Earlier this year, I played an interactive movie called Late Shift, by CtrlMovie. It wasn’t quite on the level I would like to see of interactive media, as the storyline was a bit hokey and its deepest moments were reflections on choice. But on a technical level it was high quality, and I can really see a serious, educational topic being explored intelligently and effectively using this medium. In the hands of people like Sam Barlow or Navid Khonsari, I think we’ll see some truly great work that can appeal to a wide audience, both for entertainment and educational purposes.
How To Be Better at Sex (in Video Games) | Robert Yang
I almost didn’t attend Robert Yang’s talk, because I wasn’t sure I needed to listen to a half-hour speech about sex in video games, but I’m glad I did. We don’t often come across sex in iOS games, but I could see some of Yang’s works fitting the platform well. One that stood out to me was Triad, a puzzler in which you move bodies around so they can all fit comfortably on the bed. But if you’re not careful, they’ll bump each other off. I’m not personally interested in pornography or games that mimic it, but his games appeal to me because, as he explained, they show the awkward, weird, uncomfortable and humorous sides of sex, not just perfect sex. I’d never thought about it before, but it seems that games can be a great way show people that their awkwardness is normal, that sex isn’t always the way Hollywood depicts it. And that’s just one more thing we all have in common.
Give Me Your Gun: An Interactive Theater Experience
Give Me Your Gun was a live interactive theater experience made in collaboration between Games for Change and a graduate student team from Carnegie Mellon’s Entertainment Technology Center. It was about a woman who is surprised to find a gun in her friend’s handbag and approaches her about it. Using our smartphones, audience members were able to type in questions for the two actors and then vote on the ones we wanted them to use. The questions with the most votes would show up on the big screen in front of us and the actors would use those next. It was a collaborative mystery game, as the goal was to ask the right questions to help Linda unlock key bits of information and eventually get Mary to give up her gun. I really liked the concept and even found the subject material an interesting choice, what with gun control being such a hot topic right now. Unfortunately, the software had a few issues and the script itself wasn’t always strong enough to hold the attention of the audience. This led to silly questions getting asked and even up-voted, and audience members couldn’t help but chuckle, the laughter spreading around the room. It was hard pull the show back from all that, and it even caused one of the actresses to break character to address the audience. But despite its few kinks, I think it’s a great concept and would love to see the technology used in more shows. Just about everyone has a smartphone these days, so I think including the audience in the show in such a highly interactive way has huge possibilities. If done right, it can be a very powerful but entertaining way of reaching people.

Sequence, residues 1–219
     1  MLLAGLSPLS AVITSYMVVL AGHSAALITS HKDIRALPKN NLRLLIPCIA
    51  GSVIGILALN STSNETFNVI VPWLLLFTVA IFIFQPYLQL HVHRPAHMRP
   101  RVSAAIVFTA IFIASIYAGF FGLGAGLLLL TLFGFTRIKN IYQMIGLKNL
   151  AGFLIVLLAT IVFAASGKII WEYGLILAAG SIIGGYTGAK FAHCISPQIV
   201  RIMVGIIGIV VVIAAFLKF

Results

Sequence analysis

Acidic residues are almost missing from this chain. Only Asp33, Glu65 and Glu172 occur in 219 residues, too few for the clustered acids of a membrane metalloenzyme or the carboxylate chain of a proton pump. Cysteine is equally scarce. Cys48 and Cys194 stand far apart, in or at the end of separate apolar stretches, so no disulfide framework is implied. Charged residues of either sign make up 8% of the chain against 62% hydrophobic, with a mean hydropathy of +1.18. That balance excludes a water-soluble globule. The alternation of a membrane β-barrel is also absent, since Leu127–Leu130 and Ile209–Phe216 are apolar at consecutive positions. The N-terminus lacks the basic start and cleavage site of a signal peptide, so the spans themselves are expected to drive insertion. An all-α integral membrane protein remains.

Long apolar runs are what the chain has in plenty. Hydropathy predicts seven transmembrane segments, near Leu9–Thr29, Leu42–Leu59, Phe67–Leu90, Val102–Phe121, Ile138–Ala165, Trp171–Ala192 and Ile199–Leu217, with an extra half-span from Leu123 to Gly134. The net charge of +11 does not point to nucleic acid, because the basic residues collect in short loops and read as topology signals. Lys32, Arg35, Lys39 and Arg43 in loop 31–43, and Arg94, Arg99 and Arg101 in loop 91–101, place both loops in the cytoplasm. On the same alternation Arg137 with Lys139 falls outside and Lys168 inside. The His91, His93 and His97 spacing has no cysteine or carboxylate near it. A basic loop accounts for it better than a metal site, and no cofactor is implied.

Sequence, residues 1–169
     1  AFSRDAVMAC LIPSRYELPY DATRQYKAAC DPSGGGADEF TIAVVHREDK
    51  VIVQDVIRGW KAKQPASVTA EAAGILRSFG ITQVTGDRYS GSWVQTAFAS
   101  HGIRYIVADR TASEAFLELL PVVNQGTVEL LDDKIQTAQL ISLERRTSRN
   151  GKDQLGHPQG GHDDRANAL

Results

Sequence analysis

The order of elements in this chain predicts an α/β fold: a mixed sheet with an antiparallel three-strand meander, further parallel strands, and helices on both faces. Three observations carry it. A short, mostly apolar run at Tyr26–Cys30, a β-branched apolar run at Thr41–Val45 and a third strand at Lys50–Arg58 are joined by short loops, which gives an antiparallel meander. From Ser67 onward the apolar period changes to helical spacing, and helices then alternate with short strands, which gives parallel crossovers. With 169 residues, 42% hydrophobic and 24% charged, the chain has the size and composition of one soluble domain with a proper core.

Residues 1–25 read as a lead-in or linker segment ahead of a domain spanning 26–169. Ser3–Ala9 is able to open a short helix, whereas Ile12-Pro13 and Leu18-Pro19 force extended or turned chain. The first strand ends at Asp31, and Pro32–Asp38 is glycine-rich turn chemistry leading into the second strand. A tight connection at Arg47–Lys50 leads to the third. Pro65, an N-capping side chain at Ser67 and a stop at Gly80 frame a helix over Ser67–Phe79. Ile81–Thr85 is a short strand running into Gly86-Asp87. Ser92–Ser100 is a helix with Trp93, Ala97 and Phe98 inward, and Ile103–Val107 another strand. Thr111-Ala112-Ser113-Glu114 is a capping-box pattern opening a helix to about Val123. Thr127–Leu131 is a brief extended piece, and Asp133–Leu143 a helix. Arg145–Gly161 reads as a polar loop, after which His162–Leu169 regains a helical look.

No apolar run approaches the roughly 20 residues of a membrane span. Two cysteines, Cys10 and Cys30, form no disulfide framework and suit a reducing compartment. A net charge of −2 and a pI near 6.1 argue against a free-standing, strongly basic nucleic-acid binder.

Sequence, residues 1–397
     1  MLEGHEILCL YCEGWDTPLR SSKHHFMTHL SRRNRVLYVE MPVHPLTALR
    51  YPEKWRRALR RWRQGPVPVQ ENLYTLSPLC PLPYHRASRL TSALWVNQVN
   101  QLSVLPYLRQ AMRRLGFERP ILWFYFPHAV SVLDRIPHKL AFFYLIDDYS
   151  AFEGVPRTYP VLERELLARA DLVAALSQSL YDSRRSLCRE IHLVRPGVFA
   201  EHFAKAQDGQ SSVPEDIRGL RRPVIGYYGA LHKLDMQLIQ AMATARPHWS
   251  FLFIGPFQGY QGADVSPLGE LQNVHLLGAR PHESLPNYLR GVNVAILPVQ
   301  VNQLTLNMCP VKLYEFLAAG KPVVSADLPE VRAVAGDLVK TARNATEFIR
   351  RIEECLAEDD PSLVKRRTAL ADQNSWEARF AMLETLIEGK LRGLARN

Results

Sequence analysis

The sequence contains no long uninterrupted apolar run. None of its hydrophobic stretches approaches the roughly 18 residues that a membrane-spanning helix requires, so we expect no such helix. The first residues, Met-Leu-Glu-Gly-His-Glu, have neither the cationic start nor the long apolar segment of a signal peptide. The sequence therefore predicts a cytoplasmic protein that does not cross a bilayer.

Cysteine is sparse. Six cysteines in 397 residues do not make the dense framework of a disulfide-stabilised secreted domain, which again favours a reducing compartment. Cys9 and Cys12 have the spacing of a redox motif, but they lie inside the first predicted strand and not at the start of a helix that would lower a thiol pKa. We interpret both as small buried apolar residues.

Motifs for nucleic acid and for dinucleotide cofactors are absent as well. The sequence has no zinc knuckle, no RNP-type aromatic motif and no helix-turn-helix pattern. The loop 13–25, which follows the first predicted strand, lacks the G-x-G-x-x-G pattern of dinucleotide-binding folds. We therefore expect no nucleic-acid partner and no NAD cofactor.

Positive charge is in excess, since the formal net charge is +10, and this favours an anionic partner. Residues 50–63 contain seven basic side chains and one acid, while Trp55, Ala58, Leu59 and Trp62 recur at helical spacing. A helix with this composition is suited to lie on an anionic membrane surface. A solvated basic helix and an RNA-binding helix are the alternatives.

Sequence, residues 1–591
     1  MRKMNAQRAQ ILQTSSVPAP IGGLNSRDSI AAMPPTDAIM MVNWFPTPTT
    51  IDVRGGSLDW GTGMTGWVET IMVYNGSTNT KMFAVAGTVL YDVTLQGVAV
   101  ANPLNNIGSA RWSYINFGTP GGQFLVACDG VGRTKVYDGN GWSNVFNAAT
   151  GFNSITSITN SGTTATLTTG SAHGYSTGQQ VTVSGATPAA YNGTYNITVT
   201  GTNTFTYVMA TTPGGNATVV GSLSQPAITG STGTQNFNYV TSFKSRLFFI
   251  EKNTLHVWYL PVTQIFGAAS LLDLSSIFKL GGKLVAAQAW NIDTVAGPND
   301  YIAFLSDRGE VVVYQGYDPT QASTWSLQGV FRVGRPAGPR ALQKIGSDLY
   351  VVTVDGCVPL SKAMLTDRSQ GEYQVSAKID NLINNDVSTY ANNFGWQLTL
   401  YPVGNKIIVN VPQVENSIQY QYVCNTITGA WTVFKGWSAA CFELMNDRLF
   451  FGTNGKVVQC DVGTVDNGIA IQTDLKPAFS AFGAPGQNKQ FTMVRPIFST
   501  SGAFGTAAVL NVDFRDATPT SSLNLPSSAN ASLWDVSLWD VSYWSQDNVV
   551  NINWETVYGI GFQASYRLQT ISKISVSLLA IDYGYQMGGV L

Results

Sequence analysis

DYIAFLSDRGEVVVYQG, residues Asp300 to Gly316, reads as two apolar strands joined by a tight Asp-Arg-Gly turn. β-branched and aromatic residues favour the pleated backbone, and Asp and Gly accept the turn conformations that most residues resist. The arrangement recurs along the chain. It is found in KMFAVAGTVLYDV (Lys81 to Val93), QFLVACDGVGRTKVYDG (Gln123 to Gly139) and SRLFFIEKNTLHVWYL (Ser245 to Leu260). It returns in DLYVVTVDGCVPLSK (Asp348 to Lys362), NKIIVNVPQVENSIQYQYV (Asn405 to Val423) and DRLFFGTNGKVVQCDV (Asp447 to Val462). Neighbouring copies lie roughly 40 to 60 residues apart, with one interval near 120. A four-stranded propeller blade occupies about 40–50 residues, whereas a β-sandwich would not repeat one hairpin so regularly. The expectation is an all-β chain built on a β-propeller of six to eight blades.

I don’t pretend to know the answer to dealing with terrorism, growing income inequality, mass shootings, or other horrific and complex issues we’re facing today. But perhaps games can be a medium, in a time of sound bites and short attention spans, to educate people on issues before they create another piece of history we must learn from. Either way, it’s great to see developers thinking outside the box and trying to build bridges with their games. Instead of strengthening messages of fear and hate, they’re helping us understand each other better through interactive media.